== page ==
Happy Geek Pride Day, but what does the ‘B’ stand for?
Although originally used to describe a fool or a freak, ‘geek’ nowadays is much less pejorative. For those of us with a particular and intense interest in mathematics, physics etc., the celebration of ‘Geek Pride Day’ on May 25th is a vindication. The Economist summed it up perfectly in an article in 2012 ‘…They may be mocked by jocks and ignored at parties. But these days no serious organisation can prosper without them.’
Thermal Simulation of a BMP
EDA tools such as Xpedition enable the design of PCBs and BGA substrates. The circuitry, the electrical routing, of such designs are considered as a series of 2D layers stacked on top of each other. This due primarily to the manufacturing methods that are used to construct these devices.
Simcenter Flotherm is a thermal simulation tool designed from the ground up to focus specifically on electronic thermal applications. It therefore has a range of methods to import 2D layered EDA data and from that construct 3D thermal representations, from direct native interfaces to more generic neutral interfaces.
One such method is a low level catch-all. The ability to take a high resolution raster graphics image such as a BMP, consider white pixels to represent the FR4 dielectric, black pixels to represent the conducting Copper traces, pads, fills etc., then input a layer thickness and from all that construct a 3D model.
Thermal Conduction within the Mandelbrot Set
It would be remiss of any geek not to use this capability for purposes other than its intended function. So, what would happen if you impose a temperature difference across a Mandelbrot set made of Copper, embedded within an FR4 substrate?
A BMP image of the Mandelbrot set is imported into Simcenter Flotherm, extruded just a little into a 3D shape, assigned Copper as a material and embedded in a rectangle of FR4. A fixed temperature of 100 degC is set on the bottom face of the solution domain, a fixed temperature of 0 degC set on the top. Sides are set to symmetric and a 2D conduction simulation performed.
As you’d expect, due to the high thermal conductivity of the copper Mandelbrot set, it attains a pretty uniform temperature. However, Simcenter Flotherm does more than just predict temperature, it enables insights into the reason for the temperature distribution. One way of doing this is to examine how the heat flows through the set, from the hot bottom to the cold top. This is done by plotting heat flux (W/m2) and animating the corresponding heat flow paths:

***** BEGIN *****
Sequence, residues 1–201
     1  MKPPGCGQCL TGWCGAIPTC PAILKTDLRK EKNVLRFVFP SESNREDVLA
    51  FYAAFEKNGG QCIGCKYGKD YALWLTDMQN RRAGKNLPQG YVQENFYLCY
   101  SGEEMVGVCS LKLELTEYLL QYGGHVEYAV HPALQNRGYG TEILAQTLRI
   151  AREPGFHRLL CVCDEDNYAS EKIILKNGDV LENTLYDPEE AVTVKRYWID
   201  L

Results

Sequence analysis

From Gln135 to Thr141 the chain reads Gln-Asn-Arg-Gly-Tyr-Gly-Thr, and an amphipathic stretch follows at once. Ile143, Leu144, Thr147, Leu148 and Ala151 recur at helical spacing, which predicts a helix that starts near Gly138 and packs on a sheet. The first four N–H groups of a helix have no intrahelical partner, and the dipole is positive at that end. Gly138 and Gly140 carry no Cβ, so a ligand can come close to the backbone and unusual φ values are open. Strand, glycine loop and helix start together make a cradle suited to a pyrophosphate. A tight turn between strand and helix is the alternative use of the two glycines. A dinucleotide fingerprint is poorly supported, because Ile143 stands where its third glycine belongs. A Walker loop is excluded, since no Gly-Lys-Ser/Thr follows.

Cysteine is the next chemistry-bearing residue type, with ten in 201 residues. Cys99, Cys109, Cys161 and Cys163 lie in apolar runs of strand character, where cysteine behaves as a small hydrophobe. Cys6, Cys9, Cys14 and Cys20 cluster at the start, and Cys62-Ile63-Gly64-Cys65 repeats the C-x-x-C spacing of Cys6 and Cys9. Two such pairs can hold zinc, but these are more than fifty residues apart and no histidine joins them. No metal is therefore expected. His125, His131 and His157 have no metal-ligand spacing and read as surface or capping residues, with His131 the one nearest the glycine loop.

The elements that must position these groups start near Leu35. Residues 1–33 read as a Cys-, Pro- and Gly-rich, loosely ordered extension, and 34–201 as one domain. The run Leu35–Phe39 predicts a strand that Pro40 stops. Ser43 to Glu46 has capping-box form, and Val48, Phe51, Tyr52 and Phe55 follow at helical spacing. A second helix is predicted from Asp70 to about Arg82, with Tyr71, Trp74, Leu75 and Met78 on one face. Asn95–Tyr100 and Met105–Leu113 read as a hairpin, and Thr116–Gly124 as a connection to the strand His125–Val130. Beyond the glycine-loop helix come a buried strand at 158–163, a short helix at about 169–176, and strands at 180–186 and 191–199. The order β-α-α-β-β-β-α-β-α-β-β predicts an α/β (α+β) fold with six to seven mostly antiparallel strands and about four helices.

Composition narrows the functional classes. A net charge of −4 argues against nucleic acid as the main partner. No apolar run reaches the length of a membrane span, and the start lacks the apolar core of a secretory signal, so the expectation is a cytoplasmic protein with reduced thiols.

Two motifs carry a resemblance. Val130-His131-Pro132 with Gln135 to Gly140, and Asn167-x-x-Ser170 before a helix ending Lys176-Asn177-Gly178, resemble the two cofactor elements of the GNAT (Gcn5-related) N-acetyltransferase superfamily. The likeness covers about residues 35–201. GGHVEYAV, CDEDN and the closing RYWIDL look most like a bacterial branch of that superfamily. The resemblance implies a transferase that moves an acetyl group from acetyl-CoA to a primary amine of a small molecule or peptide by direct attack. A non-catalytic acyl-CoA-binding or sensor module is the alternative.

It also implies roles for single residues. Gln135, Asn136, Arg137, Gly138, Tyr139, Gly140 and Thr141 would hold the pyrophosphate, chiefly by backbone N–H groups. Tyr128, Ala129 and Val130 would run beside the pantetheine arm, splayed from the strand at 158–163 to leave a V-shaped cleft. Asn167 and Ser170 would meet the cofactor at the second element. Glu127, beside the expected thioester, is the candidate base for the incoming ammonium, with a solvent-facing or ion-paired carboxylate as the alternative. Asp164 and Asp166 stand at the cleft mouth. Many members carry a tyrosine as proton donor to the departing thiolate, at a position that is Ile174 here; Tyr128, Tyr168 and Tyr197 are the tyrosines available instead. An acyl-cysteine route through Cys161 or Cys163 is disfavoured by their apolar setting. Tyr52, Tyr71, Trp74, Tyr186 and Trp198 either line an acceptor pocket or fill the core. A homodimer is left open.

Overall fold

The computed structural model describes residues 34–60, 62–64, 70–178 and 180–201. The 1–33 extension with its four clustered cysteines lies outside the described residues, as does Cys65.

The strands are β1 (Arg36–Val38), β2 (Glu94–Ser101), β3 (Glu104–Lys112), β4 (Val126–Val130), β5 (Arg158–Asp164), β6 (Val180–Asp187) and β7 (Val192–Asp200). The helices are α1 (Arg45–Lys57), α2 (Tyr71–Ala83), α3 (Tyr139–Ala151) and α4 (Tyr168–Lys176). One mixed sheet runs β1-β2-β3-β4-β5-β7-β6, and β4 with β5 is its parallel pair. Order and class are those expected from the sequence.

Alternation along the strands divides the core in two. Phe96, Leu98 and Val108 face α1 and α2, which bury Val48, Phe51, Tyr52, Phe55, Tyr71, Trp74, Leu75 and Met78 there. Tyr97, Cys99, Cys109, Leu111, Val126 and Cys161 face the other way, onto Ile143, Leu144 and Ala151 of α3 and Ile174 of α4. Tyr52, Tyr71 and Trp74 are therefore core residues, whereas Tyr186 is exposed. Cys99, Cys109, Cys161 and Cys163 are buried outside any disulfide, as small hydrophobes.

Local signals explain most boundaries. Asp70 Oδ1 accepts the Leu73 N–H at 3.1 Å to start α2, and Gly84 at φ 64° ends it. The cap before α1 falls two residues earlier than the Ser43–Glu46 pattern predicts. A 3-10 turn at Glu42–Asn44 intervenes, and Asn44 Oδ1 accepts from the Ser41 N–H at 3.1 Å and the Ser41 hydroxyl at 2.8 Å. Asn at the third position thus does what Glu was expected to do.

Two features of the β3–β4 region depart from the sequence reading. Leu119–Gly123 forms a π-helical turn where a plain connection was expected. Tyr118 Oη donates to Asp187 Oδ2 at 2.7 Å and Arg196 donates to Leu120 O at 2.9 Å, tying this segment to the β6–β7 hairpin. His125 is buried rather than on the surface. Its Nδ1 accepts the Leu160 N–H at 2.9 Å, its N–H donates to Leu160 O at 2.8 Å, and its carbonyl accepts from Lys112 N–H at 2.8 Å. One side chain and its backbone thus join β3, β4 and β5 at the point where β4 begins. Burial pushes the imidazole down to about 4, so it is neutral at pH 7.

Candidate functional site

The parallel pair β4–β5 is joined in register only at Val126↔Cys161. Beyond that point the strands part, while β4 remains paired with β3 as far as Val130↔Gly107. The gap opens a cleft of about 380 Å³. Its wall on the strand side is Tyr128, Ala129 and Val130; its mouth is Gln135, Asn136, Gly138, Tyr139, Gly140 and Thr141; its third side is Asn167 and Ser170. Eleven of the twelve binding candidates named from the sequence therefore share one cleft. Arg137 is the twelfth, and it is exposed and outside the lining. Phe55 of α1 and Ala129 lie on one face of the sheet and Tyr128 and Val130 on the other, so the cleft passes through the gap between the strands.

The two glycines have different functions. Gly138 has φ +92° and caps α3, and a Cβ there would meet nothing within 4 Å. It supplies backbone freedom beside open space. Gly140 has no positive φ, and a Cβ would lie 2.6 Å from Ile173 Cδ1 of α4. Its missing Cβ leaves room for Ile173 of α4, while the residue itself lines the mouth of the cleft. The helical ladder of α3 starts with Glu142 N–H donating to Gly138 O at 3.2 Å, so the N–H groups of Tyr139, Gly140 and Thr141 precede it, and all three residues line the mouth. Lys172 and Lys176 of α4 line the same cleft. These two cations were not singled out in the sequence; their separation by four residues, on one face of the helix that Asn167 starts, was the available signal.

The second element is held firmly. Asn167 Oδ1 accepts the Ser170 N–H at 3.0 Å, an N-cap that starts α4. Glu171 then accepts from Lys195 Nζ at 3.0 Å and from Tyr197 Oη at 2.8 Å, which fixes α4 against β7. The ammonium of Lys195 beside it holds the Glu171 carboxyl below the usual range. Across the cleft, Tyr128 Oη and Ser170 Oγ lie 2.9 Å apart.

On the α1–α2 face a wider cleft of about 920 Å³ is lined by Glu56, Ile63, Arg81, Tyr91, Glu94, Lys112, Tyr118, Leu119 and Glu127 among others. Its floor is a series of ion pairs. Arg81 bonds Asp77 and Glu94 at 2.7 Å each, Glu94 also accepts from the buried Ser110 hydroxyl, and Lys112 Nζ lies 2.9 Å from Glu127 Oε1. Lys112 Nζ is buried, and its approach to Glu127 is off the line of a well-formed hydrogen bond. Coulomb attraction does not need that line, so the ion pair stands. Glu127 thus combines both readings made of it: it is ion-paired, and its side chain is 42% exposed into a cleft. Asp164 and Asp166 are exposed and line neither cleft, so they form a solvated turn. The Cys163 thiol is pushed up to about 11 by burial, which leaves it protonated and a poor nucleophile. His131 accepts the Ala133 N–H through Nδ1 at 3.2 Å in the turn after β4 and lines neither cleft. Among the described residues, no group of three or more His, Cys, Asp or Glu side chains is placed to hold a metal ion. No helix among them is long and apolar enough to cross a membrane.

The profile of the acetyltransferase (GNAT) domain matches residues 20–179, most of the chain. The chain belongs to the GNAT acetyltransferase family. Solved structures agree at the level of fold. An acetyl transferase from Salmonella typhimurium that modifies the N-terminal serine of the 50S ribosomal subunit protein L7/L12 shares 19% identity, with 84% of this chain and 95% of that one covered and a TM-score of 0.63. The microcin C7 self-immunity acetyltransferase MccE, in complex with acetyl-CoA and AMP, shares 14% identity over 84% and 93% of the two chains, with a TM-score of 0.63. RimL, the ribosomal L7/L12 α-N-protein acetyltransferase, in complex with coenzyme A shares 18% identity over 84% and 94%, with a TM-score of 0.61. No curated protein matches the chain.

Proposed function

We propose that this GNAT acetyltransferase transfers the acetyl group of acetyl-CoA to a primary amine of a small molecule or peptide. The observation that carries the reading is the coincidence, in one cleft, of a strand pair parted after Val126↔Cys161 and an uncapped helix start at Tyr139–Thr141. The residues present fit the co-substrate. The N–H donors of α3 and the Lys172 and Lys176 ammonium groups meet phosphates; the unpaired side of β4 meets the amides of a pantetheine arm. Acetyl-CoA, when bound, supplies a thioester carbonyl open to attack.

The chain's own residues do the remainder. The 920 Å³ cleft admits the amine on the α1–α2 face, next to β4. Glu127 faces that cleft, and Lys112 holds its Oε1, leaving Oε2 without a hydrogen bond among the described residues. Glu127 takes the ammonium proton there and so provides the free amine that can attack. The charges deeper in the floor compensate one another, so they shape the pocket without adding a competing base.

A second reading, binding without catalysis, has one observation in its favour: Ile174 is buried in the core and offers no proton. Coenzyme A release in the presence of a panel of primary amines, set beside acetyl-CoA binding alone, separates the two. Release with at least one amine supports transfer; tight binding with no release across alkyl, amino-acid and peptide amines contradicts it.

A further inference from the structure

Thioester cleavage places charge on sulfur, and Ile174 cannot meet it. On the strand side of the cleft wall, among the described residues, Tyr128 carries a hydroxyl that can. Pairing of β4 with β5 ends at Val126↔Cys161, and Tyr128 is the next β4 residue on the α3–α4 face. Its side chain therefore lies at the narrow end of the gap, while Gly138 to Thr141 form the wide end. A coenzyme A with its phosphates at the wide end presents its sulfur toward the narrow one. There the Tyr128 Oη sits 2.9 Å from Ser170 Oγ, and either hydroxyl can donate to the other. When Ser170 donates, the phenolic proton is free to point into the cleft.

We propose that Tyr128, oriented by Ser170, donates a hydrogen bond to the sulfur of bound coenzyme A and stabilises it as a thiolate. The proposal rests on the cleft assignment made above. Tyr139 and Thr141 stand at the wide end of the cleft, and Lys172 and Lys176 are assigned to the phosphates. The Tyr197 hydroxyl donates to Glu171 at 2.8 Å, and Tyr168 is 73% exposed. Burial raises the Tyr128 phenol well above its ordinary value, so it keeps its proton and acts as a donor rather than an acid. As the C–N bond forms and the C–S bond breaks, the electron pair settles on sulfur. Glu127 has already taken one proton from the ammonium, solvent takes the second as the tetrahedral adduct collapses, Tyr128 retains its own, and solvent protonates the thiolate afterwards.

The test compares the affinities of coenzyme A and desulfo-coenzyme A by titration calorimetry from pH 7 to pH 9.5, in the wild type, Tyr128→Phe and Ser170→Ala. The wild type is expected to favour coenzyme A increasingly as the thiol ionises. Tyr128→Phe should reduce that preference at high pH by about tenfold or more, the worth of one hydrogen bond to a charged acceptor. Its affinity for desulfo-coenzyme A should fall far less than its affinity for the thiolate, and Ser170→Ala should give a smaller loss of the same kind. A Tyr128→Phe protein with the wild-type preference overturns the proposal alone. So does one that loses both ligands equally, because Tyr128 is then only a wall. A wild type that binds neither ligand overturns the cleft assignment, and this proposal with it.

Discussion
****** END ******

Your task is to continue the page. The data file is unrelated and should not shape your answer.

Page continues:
Note how the heat flow is channeled through the lower and upper ‘bulbs’ of the set. Being closest to both the hot bottom and cold top, the proximity of the Mandelbrot Copper does a good job at capturing and channeling that heat flow.
Fractals exhibit self-similarity. Similar geometric forms continue to appear as you zoom into the (boundary of the) set. In honour of this, let’s go from the sublime to the ridiculous and construct a model of Simcenter Flotherm modelling the Mandelbrot set. Just a question of taking a screengrab of the Simcenter Flotherm GUI with the Mandelbrot set model loaded, importing back in, extruding it and applying the same material properties.
The same top and bottom thermal boundary conditions are then applied and the thermal conduction through the Simcenter Flotherm GUI (including the Mandelbrot set) is predicted.
As before, the big block of Mandelbrot Copper conducts much of the heat from bottom to top. The GUI bottom message bar and top title bar also facilitate the flow of heat, but not much heat chooses to flow through the GUI low conductivity FR4 whitespace, as you’d expect (even if you hadn’t had reason to think about it).
Although it could go on forever, I felt obliged to go one level deeper. Kind of like Inception for the thermal engineer. Simcenter Flotherm modelling Simcenter Flotherm modelling Simcenter Flotherm modelling the Mandelbrot set, a geekasm if ever there was one:
So what does the ‘B’ stand for?
The ‘B’ in Benoit B Mandelbrot stands for ‘Benoit B Mandelbrot’ and so on ad nauseam… 🙂
Happy Geek Pride Day everyone, wear your geek with pride!